By Dr. Becker
While the US can certainly be described as a pet-loving nation, there is at least a slight bias toward dogs. In one survey by Public Policy Polling, 52 percent of respondents said they preferred dogs while only 21 percent said they preferred cats (another 27 percent couldn’t decide).1
If you’ve never lived with a cat, you might get the impression that they’re aloof, disinterested, and skittish… and decidedly not the best human companions. Dogs, on the other hand, will greet you at the door, curl up at your feet, and play a raucous game of fetch whenever you wish.
But this perception isn’t always reality. Cats tend to warm up to the people they live with, such that a visitor won’t always get the full experience of what sharing a home with a cat is all about.
As cat lovers know, cats can be equal parts loving, affectionate and loyal, with an independent streak that only adds to their appeal. If you’re not currently a cat owner, VetStreetrecently compiled seven great things you’re missing out on.
7 Things You Miss Out on if You Don’t Have a Cat
1. Endless Laughs
If you live with a cat, you’ll be hard-pressed not to laugh on a daily basis. From the way they zoom around a corner for no apparent reason, send a milk cap hurtling down the hall, or perform acrobatic moves that seem to defy gravity, cat behavior can be just plain funny and fun to watch.
If you want to witness one of the funniest cat antics of all, simply set out a small cardboard box. Your cat will be drawn to it like a fly to honey, and he’ll do whatever it takes to fit his body inside.
Dogs aren’t the only pets who can play fetch. Many cats enjoy a good game of fetch and are easily amused with items you already have around your home, like a small wadded up ball of paper or a pen cap.
A feather tied to the end of a string can provide you and your cat with hours of playtime, and you can also easily turn old t-shirts and extra yarn into toys your cats will adore. Even when you’re not involved, cats will jump, pounce, bat, and climb, keeping themselves entertained in the most playful ways.
There’s no doubting that cats are intelligent creatures, although they aren’t always willing to show us just how much they know. For instance, researchers have shown that cats can be trained to distinguish between different quantities of objects and follow pointing gestures (like dogs).2
However, it wasn’t easy to get the cats to display their talents. It’s also been argued that the number of neurons is a greater indicator of intelligence than brain size. Cats have 300 million neurons in their cerebral cortex – the brain area associated with processing, problem solving, and perception – while dogs have 160 million.
In addition, cats can be housetrained in an instant as long as they have access to a litter box. There's really no training to it, in fact. It's instinct. And while a dog's memory is only about five minutes long, kitties can remember up to 16 hours.
Cats even seem to remember human kindness and will return the favor later. If an owner fulfills her feline's wish to interact, the cat will often comply with the owner's desire for contact at other times.3
While dogs are often credited with being the best pets for companionship, cats deserve kudos in this regard too. Many cats love being with their humans and will follow them around the house, greet them at the door and cuddle in their laps.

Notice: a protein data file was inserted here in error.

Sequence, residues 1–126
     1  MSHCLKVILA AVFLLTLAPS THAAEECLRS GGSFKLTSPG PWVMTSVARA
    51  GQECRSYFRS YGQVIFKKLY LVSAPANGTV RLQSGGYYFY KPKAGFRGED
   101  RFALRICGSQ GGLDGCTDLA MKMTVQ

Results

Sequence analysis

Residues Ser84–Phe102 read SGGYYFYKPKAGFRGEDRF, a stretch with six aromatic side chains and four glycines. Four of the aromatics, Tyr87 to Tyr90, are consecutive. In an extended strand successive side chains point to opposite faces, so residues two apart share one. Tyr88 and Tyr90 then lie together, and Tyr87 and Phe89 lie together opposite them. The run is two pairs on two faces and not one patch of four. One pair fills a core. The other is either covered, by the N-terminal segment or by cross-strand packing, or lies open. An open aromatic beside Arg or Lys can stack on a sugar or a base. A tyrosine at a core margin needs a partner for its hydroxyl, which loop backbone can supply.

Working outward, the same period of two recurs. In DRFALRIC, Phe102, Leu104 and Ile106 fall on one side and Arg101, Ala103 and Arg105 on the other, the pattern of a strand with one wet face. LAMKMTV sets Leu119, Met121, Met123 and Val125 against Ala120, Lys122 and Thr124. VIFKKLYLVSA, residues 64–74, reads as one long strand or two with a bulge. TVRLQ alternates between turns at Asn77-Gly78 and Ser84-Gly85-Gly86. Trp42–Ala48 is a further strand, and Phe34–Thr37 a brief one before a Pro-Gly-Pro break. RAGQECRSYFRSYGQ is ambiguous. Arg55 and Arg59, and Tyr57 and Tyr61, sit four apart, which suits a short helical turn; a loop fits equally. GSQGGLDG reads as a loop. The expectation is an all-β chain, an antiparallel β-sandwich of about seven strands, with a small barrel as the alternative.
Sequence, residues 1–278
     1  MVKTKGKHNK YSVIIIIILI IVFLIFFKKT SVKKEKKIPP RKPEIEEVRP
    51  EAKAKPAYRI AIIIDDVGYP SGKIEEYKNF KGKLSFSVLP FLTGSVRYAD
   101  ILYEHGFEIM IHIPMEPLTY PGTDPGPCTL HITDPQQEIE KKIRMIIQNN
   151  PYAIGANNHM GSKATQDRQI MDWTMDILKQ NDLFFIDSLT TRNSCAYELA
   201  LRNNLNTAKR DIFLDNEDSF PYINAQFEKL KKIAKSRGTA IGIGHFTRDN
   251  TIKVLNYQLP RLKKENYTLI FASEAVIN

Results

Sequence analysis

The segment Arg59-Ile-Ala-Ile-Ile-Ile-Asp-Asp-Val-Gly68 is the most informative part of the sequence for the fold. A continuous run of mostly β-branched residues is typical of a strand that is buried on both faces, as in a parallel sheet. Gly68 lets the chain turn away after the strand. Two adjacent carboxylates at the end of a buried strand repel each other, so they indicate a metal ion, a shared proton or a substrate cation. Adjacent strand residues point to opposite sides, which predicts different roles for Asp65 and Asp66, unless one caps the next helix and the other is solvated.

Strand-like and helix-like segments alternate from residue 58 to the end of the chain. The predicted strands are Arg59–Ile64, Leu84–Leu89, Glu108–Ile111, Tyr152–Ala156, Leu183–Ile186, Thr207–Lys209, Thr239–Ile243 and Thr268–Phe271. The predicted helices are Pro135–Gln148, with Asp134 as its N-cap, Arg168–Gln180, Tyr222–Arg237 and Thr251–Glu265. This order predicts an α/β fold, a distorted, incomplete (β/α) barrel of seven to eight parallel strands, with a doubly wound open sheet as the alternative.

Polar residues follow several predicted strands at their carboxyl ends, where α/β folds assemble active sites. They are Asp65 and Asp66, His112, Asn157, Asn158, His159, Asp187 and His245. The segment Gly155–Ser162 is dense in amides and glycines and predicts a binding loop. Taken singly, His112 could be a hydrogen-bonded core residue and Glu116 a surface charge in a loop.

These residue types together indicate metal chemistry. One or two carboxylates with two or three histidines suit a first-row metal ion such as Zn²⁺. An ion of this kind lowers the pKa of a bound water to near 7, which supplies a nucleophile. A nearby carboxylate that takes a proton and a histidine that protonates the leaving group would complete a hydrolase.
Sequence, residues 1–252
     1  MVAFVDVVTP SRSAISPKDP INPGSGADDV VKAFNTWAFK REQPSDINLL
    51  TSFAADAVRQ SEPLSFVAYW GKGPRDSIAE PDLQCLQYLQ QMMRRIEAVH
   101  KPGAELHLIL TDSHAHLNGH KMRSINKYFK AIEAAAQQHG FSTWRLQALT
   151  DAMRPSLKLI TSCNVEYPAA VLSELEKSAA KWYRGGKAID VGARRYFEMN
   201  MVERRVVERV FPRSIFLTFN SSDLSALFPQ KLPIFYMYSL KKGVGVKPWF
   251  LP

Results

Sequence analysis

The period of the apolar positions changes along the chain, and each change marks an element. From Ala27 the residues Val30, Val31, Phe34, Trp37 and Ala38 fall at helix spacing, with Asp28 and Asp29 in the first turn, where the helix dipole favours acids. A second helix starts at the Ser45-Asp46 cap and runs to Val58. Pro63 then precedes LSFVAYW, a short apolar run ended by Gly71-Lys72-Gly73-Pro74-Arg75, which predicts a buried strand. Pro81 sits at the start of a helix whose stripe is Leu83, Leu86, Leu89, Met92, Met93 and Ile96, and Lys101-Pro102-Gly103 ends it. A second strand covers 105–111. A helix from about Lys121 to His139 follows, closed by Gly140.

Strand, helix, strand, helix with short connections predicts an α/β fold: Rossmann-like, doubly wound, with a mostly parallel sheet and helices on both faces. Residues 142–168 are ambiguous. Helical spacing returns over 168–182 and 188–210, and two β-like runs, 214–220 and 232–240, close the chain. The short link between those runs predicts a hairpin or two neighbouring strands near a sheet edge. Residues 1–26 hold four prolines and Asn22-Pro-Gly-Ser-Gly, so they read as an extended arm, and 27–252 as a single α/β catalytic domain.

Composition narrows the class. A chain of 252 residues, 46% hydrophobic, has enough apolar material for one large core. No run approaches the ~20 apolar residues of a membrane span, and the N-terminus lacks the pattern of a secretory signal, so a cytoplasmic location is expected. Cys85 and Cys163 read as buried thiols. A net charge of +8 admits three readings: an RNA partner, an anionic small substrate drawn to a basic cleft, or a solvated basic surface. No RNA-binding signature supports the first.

Some cats enjoy being carried around. Others like to perch on your shoulder or sleep on your pillow. Even cats that prefer solitude tend to seek out their humans for regular petting (and purring) sessions.
Cats provide wonderful comfort and company. They will often sense if you’re not feeling well and plant themselves next to you in bed. They will head butt you as a display of affection, and research even shows the sound of a cat’s purr can lower your blood pressure and reduce stress.
Research by Dr. Dennis Turner, an expert on the feline-human bond, also revealed that kitties can alleviate the bad moods of their human owners. Cats appear to be as capable as our partners are of helping us through feelings of anxiety, depression and fear.
“Both the cat’s presence and their interactions can reduce bad moods. This wasn’t in any sort of clinically ill population or people with psychological problems, this was with average cat owners,” Dr. Turner said.
6. They’re Fascinating
Among the many fascinating facts about cats is this: cats have 32 muscles in each of their ears, and they can hear sounds up to 60 kHz (while humans can only hear up to 20 kHz). They also have super-sensitive whiskers that help them navigate and sense movement.
Further, your cat has an innate “righting” instinct that allows him to reflexively correct his position while he falls so his feet hit first. Cats also have a flexible backbone that helps them to right themselves during falls.4
And as for fitting into small spaces, if they can fit their head in, the rest of their body will tuck in there as well, seemingly like magic, in large part because cats don’t have rigid collarbones.
7. They’re Constant
Life can be a rollercoaster, changing quickly from one day to the next. Cats, like many pets, provide a sense of constant security and familiarity throughout all of your life stages. Chances are, even if your job has changed, you’ve moved to a new location, or had other upheavals in your family, your cat has been there all along the way, steadfast in his dedication to you and his reliance on your routines.
If you’d like to experience all of this (and more) for yourself, take a trip to your local animal shelter, which will likely have dozens of unique kitties waiting to claim your heart as their own. As VetStreetnoted:5
“…the next time you hear someone say they don’t like cats, ask them if they’ve ever lived with one of these fascinating, funny felines. Chances are, they have no idea what they’re missing!”